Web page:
What treatments are available?
The FDA has authorized emergency use of several therapeutic medications to treat COVID-19. There are several different kinds of therapeutics available. It is important to get tested and contact your physician as soon as possible to talk about your treatment options.
Although these treatments are not cures, they may lessen the severity of symptoms and help keep high-risk patients out of the hospital. Treatment is available only by referral or prescription.
|Treatment||What kind of treatment is it?||Who is eligible to receive it?||When do you receive the treatment?||How long is the treatment?|
|Paxlovid||Oral antiviral (pill)||Anyone age 12+ at risk for severe COVID-19||Must begin within 5 days of symptom onset||5-day pill regimen|
|Molnupiravir||Oral antiviral (pill)||Anyone age 18+ at risk for severe COVID-19||Must begin within 5 days of symptom onset||5-day pill regimen|
|Monoclonal Antibody Treatments (mAb)||IV infusion||Anyone age 12+ at risk for severe COVID-19||Should begin within 5 days of symptoms onset||30-second IV infusion followed by 1-hour observation|
|Remdesivir||IV infusion||Infants, children, and adults at risk of severe COVID-19||Should begin within 7 days of symptoms onset||Three infusions given over three days|
Evusheld (Astrazeneca) is available as a preventive treatment for those who are moderately to severely immunocompromised. Evusheld cannot be used once the person has been exposed and/or infected with COVID-19.
People at risk for severe COVID-19 may have conditions that make them more likely to be hospitalized, need intensive care, require a ventilator to help them breathe, or die. The following underlying medical conditions are risk factors that may lead to someone having severe COVID-19, including:
- Immunocompromised individuals
- Unvaccinated individuals
- Age 65+
- Chronic kidney, liver, lung, disease
- Cystic fibrosis
- Dementia or other neurological conditions
- Cognitive disabilities
- Heart conditions
- Mental health disorders
- Smoking status
Oral antiviral treatments are pill regimens, started as soon as possible after the onset of symptoms. These work by interfering with the virus’s ability to replicate. The regimen involves a course of pills over five days.
Monoclonal antibodies are laboratory-made proteins, delivered by subcutaneous or intravenous injection, that help fight the virus that causes COVID-19. mAb administration takes up to an hour, with an observation time afterward.
Evusheld, developed by AstraZeneca, is indicated for moderately to severely immunocompromised individuals who are unlikely to mount an immune response to any available COVID vaccine. It is also recommended for those rare individuals who have an allergic reaction to all available COVID-19 vaccines.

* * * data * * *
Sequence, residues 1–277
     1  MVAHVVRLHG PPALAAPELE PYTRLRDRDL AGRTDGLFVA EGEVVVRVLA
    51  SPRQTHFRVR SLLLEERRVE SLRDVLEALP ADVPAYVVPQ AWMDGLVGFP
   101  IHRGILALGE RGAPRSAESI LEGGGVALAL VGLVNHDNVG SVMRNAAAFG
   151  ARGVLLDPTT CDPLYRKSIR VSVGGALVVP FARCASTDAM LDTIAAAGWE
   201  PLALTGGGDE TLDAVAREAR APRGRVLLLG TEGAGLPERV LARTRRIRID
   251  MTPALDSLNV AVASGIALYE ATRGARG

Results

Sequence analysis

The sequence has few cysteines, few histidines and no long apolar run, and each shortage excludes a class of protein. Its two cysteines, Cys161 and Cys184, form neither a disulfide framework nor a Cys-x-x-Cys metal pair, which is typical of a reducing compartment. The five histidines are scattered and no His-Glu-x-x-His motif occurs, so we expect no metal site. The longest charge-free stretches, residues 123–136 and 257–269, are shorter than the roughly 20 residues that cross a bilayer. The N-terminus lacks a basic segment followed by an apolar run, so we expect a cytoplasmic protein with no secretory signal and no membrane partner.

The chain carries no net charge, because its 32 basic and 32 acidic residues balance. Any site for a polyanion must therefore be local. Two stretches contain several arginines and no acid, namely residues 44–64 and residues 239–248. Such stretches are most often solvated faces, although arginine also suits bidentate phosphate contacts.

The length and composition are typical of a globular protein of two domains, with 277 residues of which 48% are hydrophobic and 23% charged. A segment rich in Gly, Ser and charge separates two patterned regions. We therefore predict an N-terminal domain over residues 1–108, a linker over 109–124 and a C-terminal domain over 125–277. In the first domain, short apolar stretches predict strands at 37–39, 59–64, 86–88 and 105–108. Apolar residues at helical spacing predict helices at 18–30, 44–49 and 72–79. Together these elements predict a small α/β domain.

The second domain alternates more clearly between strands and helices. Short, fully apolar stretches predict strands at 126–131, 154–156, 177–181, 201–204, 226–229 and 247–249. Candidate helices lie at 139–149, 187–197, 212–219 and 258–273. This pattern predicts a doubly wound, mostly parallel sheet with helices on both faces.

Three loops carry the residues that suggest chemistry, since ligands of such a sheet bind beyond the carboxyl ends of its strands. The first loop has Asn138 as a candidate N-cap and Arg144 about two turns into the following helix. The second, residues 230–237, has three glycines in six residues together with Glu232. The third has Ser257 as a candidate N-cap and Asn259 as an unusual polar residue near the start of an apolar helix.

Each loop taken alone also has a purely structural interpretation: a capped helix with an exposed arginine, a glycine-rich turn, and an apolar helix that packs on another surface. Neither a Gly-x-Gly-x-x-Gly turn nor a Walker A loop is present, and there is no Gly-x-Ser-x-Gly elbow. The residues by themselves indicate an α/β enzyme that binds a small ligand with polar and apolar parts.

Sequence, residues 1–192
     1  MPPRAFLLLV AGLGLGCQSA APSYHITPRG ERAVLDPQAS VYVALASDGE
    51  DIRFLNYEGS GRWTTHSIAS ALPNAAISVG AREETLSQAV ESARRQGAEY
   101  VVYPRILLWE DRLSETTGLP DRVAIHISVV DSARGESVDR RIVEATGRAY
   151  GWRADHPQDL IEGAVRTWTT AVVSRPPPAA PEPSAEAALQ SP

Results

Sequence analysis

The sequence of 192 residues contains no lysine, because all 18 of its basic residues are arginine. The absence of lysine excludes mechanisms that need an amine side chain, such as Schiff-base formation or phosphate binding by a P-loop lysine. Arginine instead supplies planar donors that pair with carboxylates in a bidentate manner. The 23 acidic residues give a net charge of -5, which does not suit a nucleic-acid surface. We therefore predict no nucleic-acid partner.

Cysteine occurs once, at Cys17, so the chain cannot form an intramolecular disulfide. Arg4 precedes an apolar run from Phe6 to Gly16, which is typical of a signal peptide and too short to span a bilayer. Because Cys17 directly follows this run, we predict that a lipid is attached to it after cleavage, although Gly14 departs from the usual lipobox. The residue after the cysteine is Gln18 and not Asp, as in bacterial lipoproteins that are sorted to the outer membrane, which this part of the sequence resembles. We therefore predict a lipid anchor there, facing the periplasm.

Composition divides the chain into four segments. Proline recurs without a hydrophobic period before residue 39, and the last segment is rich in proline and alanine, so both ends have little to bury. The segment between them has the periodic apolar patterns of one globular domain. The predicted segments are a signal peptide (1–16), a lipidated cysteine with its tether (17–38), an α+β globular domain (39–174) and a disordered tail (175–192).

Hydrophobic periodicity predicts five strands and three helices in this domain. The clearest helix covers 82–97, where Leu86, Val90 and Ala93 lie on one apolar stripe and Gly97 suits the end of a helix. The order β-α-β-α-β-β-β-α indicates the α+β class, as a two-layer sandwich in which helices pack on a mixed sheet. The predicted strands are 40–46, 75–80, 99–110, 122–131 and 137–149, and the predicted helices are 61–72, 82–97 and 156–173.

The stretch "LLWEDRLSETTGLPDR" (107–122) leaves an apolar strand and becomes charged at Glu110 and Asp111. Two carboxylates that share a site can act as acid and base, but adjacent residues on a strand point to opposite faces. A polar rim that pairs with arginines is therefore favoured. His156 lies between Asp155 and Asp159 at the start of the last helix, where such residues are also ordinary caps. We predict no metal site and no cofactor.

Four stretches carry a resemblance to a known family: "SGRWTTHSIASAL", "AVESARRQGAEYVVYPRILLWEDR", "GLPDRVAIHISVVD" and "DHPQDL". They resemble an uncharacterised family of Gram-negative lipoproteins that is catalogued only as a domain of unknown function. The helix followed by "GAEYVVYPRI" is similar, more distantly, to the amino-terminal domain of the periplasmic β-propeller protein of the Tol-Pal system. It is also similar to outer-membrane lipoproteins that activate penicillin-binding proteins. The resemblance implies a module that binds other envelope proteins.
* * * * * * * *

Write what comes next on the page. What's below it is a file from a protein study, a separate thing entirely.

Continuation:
Although these treatments are not cures, they may lessen the severity of symptoms and help keep high-risk patients out of the hospital. Treatment is available only by referral or prescription. Talk to your health care provider as soon as you test positive for COVID-19 so they can determine the best treatment for you.
Test to Treat
State Center Vaccination, Testing and Treatment Center, at 301 W. Preston Street, is one of more than 80 sites in Maryland participating in the federal Test to Treat (T2T) initiative to expand access to potentially life-saving COVID-19 treatments for all residents. Through T2T, people are able to get a rapid COVID-19 test and – if they test positive and treatments are appropriate for them – immediately receive a prescription and have their prescription filled all at one location. There may be a charge associated with these services at commercial pharmacies, but State Center services are offered Monday through Saturday, at no cost to the patient, and insurance is not required.
There are several other options for Marylanders to quickly get potentially life-saving COVID-19 treatment. Marylanders who test positive for COVID at home can use the BCCFH COVID Task Force COVID Treatment Program. Using the simple online form, anyone can self refer and answer a few questions to learn if they are eligible for treatment. They will be given the option to schedule a telehealth or phone consultation through the site — and if treatment is recommended — receive a prescription filled at the nearest participating pharmacy to them. Other T2T sites in Maryland are listed on the T2T locator, published by the U.S. Department of Health and Human Services (HHS).
Learn more about treatment options in the GoVAX Test and Treat flyer (PDF).
Questions to Ask Your Physician
You may be eligible to receive monoclonal antibodies if you have recently tested positive for COVID-19, or were recently exposed, and are at a greater risk of developing severe COVID-19 symptoms. Here are some questions you can discuss with your physician:
- I have tested positive for COVID-19, what treatments are available for me?
- I have “cold” symptoms, should I get a test for COVID-19?
- I am taking medications that make me more susceptible to infections and change my immunity. Is there any medication I can take to prevent a COVID-19 infection?
Any provider, including primary care and urgent care providers, are able to make referrals. Patients with symptoms and a positive COVID-19 test can also self-refer to the BCCFH using this link.
Supply of mAbs is limited and skilled nursing facilities are being prioritized for distribution of therapeutics. Speak to a provider as soon as possible after you test positive to discuss your care options, which may include prescribed antiviral therapy for individuals at high risk.
While monoclonal antibody treatments are free if you meet the requirements, there may be an administration fee. Please check with your insurance provider.